Cradle of Civilization
Did you know that a region corresponding to modern-day Iraq and known as the “cradle of civilization” is the birthplace of the earliest examples of the use of writing, agriculture, and the wheel?
Mesopotamia was a historical region in southwestern Asia that corresponds to an area that is now covered by eastern Syria, southeastern Turkey, and most of Iraq. The word Mesopotamia derives from ancient Greek and means “the land between rivers”; the rivers are a reference to the Euphrates and Tigris.
Map of Mesopotamia
Mesopotamia forms part of a crescent-shaped area, known as the Fertile Crescent, that comprises comparatively moist and fertile land on which the first known Neolithic farming settlements flourished around 11,000 years ago. Plant and animal domestication and extensive surplus food production stimulated population expansion and encouraged the emergence of complex societies, resulting in the foundation of some of the world’s earliest cities.
As a result of these early developments and the subsequent spread of culture throughout the Middle East, Mesopotamia is often referred to as a “cradle of civilization.” However, unlike more cohesive civilizations, such as that of Egypt, Mesopotamia produced multiple empires and civilizations differentiated by their history, language, culture, and geographical location.
By the time of the development of the first system of writing, the region’s dominant power was the Sumerians. The writing system (known as cuneiform script), which consisted of pictograms carved on clay tablets, was originally used by the Sumerians to record information about crops and taxes, and became the most significant writing system in the region. Its use can be traced as far back as 3000 B.C.
Limestone Kish tablet from Sumer with pictographic writing; may be the earliest known writing, 3500 BC.
This period of Sumerian dominance also saw the emergence of the earliest known city-states and kingdoms, the invention of the wheel (3500 B.C.), and the first recorded war between states (3200 B.C.).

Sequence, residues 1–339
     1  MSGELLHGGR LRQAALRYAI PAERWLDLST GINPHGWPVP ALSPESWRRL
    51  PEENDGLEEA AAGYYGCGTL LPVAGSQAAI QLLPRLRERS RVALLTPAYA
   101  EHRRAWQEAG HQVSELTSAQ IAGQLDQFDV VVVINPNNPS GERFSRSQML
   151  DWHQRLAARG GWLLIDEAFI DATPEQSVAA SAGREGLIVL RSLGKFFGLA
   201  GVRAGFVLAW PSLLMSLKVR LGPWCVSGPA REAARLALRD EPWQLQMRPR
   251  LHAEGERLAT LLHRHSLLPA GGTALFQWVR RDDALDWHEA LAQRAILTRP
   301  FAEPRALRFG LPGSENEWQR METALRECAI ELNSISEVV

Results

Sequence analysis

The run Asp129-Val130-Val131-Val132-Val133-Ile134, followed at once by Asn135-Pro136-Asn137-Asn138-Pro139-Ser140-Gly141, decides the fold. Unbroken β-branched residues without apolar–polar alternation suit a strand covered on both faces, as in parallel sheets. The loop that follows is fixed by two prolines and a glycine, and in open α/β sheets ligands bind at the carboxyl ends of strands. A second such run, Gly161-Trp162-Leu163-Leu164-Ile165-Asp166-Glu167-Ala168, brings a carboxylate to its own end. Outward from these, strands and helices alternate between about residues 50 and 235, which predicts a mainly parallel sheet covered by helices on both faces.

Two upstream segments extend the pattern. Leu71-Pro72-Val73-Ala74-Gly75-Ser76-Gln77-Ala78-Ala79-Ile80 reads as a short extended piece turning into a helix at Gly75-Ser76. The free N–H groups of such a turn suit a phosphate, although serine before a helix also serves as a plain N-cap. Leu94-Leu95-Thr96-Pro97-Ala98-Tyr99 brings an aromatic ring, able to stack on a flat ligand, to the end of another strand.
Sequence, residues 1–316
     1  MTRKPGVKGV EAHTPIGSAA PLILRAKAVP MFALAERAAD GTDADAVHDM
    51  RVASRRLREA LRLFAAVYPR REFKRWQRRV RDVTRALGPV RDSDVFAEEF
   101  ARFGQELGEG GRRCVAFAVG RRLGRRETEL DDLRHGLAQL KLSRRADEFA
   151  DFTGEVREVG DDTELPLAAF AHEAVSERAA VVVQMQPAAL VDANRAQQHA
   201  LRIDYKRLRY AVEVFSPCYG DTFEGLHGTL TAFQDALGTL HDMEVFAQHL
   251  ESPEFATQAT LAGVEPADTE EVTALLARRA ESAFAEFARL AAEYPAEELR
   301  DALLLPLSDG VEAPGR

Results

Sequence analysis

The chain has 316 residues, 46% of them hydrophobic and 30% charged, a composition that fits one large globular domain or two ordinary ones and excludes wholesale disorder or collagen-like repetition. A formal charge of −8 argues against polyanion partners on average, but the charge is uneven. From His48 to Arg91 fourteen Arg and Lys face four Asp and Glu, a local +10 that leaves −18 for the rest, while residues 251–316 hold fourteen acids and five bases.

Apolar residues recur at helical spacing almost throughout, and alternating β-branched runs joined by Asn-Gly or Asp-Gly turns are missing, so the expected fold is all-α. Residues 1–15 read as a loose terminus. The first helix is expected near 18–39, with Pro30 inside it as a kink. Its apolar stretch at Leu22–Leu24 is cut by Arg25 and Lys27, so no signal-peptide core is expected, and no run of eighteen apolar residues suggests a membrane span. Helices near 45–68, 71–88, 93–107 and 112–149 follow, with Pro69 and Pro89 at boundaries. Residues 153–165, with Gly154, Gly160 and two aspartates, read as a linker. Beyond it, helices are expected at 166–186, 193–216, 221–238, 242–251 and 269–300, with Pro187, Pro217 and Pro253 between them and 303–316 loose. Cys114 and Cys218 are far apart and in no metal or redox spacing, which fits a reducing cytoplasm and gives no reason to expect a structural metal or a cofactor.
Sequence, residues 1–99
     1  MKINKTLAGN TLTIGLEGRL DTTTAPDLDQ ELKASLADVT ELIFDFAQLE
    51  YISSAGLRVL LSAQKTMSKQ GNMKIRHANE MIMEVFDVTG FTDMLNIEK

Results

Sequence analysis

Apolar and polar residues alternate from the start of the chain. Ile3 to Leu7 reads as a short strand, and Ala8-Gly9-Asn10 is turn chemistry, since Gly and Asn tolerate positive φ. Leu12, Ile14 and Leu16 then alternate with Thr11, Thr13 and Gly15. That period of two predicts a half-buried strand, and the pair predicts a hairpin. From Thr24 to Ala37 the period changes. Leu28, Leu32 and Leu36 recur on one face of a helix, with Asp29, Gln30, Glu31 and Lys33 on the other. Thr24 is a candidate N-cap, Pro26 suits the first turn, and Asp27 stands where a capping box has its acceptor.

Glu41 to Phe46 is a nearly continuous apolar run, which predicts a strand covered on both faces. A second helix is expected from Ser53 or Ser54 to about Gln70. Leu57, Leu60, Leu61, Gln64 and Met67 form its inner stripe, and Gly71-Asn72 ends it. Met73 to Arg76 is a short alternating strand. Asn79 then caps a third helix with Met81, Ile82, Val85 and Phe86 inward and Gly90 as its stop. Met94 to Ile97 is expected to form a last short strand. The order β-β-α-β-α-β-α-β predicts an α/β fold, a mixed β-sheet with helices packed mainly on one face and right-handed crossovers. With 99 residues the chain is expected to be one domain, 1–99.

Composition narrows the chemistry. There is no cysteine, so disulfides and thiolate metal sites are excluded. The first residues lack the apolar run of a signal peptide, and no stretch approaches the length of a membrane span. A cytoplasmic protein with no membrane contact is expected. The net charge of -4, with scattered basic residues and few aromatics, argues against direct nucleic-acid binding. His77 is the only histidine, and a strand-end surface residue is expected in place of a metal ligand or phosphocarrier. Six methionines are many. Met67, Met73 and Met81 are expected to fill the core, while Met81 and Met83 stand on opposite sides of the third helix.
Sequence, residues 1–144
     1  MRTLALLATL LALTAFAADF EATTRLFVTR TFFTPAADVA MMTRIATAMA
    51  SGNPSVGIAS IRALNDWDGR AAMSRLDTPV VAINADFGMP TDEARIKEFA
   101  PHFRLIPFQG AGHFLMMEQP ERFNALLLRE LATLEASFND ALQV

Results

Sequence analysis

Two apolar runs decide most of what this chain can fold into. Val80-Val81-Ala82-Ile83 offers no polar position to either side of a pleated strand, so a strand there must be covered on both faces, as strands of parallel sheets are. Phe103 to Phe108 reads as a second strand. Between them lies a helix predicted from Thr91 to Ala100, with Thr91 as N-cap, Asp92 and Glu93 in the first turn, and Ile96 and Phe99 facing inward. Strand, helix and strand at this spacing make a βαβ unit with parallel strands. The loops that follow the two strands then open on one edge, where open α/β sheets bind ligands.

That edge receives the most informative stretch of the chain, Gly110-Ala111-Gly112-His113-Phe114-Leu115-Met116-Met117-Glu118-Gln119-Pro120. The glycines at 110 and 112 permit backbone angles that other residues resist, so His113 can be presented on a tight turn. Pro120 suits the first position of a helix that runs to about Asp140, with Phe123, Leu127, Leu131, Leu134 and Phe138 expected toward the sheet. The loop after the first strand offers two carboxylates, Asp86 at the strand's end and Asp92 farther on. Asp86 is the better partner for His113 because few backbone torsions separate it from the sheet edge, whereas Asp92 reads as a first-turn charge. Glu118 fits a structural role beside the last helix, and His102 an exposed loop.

In around 2300 B.C., the independent city-states of Sumer were conquered by Sargon the Great of Akkad. Making Akkad the capital city, Sargon united the region under what is referred to by historians as the world’s first empire – the Akkadian Empire.
Although the size of the territory ruled by Sargon and the actual location of Akkad cannot be confirmed, historians believe the king ruled over a vast territory that was unified under a single form of government, and its people shared a common language and religious practices.
Following the fall of the Akkadian Empire, the region saw the emergence of a new empire created by a tribe that had moved into central Mesopotamia. Founded by King Hammurabi, the Babylonian Empire was named after its capital city of Babylon.
The reign of King Hammurabi (from 1792 to 1750 B.C.) is notable for the development of law, which was used to govern the kingdom. The Code of Hammurabi is a set of legal decisions that were carved on large stones. Under his rule, Babylon became a center for the arts and sciences, and the Babylonians were responsible for making important advances in the fields of mathematics and astronomy.
Code of Hammurabi on clay tablets, 1780 BC.
Following the decline of Babylonian culture, a new power emerged in Assyria in Upper Mesopotamia that was to dominate the region. The Assyrians were renowned engineers who created large stone palaces with incredible gardens and built the world's first library. The Royal Library of Ashurbanipal held many ancient Mesopotamian texts, including the world’s oldest great work of literature – the Epic of Gilgamesh.
Despite the reemergence of the Babylonians after the demise of the Assyrian Empire, the dominance of Mesopotamia by peoples native to the territory came to an end in 539 B.C. with the fall of Babylon at the hands of Cyrus the Great from Persia.
“The first duty of government is to protect the powerless from the powerful.” – Hammurabi, The Code of Hammurabi
“If a man destroys the eye of another man, they shall destroy his eye.” – Hammurabi, The Code of Hammurabi
“If a builder builds a house for someone, and does not construct it properly, and the house which he built falls in and kills its owner, then that builder shall be put to death.” – Hammurabi, The Code of Hammurabi
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